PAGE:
Ninja particles have the potential to make a huge impact in our lives. Their demonstrated ability to seek out and kill antibiotic-resistant bacteria means we may one day see them in the form of an injectable drug. Researchers continue to gather data on the efficacy and toxicity (or lack of toxicity, actually) of these particles. Once they've completed their tests, pharmaceutical companies may step in to do human trials that monitor how these particles fight off bacterial infections inside the body.
Outside the body, we may start to see ninja particles used as a disinfectant and to stop biofilm formation. The bacteria that make up biofilms are very good at protecting themselves. Many sprays on the market have a hard time breaking through a biofilm's protective layers to disinfect surfaces. Ninja particles, on the other hand, are able to eradicate bacteria in these biofilms on contact, providing a great way to clean medical devices, or even food preparation surfaces.
These nanoparticles may find their way into our personal care products, too, essentially any place where we wouldn't want bacterial buildup. They may be used to coat contact lenses or placed as additives into things like mouthwash, deodorants and detergents. They can even be used in water purification systems. Bad bacteria are everywhere, and these ninja particles are poised to find and destroy them.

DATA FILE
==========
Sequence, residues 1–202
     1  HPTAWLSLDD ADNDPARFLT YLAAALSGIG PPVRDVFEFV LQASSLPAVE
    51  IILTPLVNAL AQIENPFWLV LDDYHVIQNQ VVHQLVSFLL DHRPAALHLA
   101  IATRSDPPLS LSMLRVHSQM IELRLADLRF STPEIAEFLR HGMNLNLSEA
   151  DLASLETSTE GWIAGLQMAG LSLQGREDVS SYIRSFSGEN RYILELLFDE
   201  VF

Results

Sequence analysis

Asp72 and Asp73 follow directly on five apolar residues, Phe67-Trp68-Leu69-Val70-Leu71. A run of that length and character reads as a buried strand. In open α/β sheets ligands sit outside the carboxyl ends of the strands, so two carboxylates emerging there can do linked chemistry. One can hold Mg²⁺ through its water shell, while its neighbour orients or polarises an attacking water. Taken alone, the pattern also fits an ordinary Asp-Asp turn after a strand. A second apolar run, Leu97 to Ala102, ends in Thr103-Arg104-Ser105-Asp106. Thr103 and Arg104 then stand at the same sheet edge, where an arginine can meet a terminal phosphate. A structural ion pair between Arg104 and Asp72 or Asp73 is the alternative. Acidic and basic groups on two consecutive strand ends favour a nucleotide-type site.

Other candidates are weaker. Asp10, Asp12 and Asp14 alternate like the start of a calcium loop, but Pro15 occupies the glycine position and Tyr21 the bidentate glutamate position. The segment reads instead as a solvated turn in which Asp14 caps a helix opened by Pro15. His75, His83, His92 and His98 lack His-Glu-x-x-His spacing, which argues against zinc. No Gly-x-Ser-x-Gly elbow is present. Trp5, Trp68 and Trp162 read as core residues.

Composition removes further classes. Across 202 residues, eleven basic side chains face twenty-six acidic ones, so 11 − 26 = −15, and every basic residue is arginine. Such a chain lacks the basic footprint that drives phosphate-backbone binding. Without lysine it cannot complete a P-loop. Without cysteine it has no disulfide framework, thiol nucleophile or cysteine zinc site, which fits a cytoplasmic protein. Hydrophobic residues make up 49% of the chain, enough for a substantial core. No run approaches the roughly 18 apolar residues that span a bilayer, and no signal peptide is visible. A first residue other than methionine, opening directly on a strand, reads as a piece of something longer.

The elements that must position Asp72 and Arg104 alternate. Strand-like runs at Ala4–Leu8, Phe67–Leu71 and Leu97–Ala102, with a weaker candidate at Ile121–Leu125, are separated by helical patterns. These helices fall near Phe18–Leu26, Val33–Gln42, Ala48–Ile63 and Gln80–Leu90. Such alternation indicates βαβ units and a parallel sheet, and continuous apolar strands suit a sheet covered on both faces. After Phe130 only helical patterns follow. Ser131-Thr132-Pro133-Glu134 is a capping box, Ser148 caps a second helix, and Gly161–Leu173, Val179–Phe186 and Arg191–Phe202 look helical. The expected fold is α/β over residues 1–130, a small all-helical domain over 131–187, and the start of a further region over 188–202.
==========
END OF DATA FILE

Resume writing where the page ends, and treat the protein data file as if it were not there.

Author's Note: How Ninja Particles Work
It's the best when something that has a cool name really lives up to its name. And ninja particles are about as awesome as their name implies. As I was writing this article, I loved imagining these particles stealthily zipping through the body, finding the bad bacteria guys and slitting them open. This research is so promising; I can't wait to find these particles on the market. The only part that makes me sad is that when they do one day make it into our personal care products or in our medications, that I won't be able to scroll through the ingredients and see "ninja particles" listed. Sadly, I think the FDA and other regulating organizations may require their actual chemical names. Too bad.
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